Explicitly Caching Data
With explicit caching (AutoCache = false), you decide exactly what data is cached and when to query the cache instead of the live data. Explicit caching gives you full control over the cache contents by using CACHE Statements. This section describes some strategies to use the caching features offered by the connector.
Creating the Cache
To load data in the cache, issue the following statement.
CACHE SELECT * FROM tableName WHERE ...
Once the statement is issued, any matching data in tableName is loaded into the corresponding table.
Updating the Cache
This section describes two ways to update the cache.
Updating with the SELECT Statement
The following example shows a statement that can update modified rows and add missing rows in the cached table. However, this statement does not delete extra rows that are already in the cache. This statement only merges the new rows or updates the existing rows.
CACHE SELECT * FROM Subscriber WHERE EmailAddress = 'firstname.lastname@example.org'
Updating with the TRUNCATE Statement
The following example shows a statement that can update modified rows and add missing rows in the cached table. This statement can also delete rows in the cache table that are not present in the live data source.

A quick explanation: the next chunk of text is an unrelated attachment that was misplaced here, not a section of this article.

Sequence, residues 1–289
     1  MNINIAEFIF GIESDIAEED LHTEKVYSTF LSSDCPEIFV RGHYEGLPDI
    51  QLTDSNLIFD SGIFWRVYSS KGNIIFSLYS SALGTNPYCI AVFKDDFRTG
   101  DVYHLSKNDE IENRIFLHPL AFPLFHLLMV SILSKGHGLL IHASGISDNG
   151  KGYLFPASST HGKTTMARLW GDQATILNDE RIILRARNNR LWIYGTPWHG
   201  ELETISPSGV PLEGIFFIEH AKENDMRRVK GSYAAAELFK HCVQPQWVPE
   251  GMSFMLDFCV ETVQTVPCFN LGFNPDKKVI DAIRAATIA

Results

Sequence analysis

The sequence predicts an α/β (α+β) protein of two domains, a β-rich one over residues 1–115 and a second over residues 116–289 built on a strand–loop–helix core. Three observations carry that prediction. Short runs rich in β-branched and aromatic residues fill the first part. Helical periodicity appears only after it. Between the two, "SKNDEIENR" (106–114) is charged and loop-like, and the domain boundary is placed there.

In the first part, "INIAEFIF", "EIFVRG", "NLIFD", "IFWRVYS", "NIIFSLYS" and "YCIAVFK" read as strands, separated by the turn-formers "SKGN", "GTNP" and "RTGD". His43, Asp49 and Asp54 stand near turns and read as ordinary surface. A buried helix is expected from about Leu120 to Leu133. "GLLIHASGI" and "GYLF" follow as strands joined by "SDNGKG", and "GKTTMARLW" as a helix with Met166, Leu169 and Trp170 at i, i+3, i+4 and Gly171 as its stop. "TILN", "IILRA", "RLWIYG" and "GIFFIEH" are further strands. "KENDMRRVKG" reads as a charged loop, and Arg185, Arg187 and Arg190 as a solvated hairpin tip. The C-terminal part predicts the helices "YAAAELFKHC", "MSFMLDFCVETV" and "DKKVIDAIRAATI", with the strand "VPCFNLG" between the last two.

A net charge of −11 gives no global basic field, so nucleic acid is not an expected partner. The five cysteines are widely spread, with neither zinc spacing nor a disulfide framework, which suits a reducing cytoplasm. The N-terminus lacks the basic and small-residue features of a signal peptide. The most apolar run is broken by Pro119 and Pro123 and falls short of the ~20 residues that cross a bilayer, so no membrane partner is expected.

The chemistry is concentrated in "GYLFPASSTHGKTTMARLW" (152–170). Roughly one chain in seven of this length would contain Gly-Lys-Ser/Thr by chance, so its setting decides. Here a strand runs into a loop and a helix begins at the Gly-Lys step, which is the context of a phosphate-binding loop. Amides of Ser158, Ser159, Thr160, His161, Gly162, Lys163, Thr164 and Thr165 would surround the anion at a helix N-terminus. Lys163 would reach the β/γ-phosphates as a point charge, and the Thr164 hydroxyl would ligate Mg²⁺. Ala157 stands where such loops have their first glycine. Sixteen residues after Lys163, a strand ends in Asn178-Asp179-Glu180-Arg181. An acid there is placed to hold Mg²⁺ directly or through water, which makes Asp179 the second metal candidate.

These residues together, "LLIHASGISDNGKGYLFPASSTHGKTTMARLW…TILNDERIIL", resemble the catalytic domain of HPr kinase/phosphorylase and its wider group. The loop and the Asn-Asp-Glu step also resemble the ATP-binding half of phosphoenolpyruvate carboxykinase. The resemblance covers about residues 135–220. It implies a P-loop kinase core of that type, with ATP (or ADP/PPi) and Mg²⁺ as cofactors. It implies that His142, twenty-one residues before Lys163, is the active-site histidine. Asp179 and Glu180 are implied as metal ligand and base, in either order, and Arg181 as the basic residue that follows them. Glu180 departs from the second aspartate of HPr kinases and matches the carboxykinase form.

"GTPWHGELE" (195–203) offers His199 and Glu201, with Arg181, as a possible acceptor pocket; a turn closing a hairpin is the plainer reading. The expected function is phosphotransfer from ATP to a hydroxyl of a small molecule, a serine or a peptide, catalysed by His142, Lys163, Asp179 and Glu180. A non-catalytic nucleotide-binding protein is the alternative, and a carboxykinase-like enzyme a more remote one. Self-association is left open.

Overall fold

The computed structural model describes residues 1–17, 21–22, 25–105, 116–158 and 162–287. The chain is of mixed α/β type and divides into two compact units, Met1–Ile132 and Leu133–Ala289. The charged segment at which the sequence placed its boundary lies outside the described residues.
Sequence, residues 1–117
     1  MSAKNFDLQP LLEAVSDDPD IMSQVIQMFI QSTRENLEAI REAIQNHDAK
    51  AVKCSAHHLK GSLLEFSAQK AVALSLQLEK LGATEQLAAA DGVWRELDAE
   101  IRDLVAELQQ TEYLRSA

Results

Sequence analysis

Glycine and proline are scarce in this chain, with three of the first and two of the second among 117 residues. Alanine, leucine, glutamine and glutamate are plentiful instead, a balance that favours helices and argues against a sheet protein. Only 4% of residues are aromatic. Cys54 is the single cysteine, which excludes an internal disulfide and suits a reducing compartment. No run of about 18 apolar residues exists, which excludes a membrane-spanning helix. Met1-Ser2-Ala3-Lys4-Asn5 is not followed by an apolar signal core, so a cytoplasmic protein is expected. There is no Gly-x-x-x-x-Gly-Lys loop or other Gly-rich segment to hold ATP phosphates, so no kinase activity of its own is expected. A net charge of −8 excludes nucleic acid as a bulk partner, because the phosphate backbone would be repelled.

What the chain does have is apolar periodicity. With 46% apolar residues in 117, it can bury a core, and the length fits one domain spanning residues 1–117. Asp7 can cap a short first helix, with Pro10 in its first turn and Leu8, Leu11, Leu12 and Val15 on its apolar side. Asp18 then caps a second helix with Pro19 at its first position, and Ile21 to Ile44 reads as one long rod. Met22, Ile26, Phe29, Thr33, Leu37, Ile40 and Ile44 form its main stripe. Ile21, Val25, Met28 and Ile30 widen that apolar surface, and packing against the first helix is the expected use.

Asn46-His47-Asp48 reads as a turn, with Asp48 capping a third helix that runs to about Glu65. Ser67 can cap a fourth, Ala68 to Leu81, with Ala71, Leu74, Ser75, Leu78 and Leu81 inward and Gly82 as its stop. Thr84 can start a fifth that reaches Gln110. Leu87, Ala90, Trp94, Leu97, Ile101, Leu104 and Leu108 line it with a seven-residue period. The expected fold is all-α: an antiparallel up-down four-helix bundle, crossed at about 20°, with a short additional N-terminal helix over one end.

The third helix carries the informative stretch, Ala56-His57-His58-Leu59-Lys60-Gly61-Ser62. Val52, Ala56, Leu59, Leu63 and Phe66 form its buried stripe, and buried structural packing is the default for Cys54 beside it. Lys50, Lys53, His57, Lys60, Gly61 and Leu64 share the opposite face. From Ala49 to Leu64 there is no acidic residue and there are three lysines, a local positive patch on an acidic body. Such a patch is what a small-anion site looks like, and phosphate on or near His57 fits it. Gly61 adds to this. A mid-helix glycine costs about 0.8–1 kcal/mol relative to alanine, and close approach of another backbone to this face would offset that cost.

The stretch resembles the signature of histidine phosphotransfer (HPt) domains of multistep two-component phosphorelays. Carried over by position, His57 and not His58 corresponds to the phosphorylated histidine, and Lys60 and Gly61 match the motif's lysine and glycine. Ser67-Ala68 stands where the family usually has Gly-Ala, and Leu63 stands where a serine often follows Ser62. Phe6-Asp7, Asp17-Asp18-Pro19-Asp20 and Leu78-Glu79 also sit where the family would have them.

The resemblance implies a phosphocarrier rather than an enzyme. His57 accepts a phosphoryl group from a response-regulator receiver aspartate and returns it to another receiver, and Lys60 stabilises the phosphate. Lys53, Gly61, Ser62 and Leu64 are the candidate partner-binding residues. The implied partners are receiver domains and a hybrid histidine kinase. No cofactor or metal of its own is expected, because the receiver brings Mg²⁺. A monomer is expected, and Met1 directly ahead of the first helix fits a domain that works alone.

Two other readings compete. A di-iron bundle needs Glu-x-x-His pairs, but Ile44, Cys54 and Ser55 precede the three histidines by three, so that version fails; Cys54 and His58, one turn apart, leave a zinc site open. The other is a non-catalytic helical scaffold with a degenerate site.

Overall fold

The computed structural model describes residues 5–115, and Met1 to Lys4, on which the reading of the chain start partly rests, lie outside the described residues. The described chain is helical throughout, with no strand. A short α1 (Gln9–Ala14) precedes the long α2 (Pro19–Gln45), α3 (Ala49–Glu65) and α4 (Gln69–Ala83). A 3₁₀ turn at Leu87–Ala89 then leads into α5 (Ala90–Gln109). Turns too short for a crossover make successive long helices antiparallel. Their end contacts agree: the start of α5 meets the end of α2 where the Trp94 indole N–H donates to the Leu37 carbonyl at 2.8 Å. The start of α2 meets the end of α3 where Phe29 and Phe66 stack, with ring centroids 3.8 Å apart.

CACHE WITH TRUNCATE SELECT * FROM Subscriber WHERE EmailAddress = 'email@example.com'
Query the Data in Online or Offline Mode
This section describes how to query the data in online or offline mode.
Online: Select Cached Tables
You can use the tableName#CACHE syntax to explicitly execute queries to the cache while still online, as shown in the following example.
SELECT * FROM Subscriber#CACHE
Offline: Select Cached Tables
With Offline = true, SELECT statements always execute against the local cache database, regardless of whether you explicitly specify the cached table or not. Modification of the cache is disabled in Offline mode to prevent accidentally updating only the cached data. Executing a DELETE/UPDATE/INSERT statement while in Offline mode results in an exception.
The following example selects from the local cache but not the live data source because Offline = true.
SELECT * FROM Subscriber WHERE EmailAddressfirstname.lastname@example.org' ORDER BY Status ASC
Delete Data from the Cache
You can delete data from the cache by building a direct connection to the database. Note that the connector does not support manually deleting data from the cache.
Common Use Case
A common use for caching is to have an application always query the cached data and only update the cache at set intervals, such as once every day or every two hours. There are two ways in which this can be implemented:
- AutoCache = false and Offline = false. All queries issued by the application explicitly reference the tableName#CACHE table. When the cache needs to be updated, the application executes a tableName#CACHE ... statement to bring the cached data up to date.
- Offline = true. Caching is transparent to the application. All queries are executed against the table as normal, so most application code does not need to be aware that caching is done. To update the cached data, simply create a separate connection with Offline = false and execute a tableName#CACHE ... statement.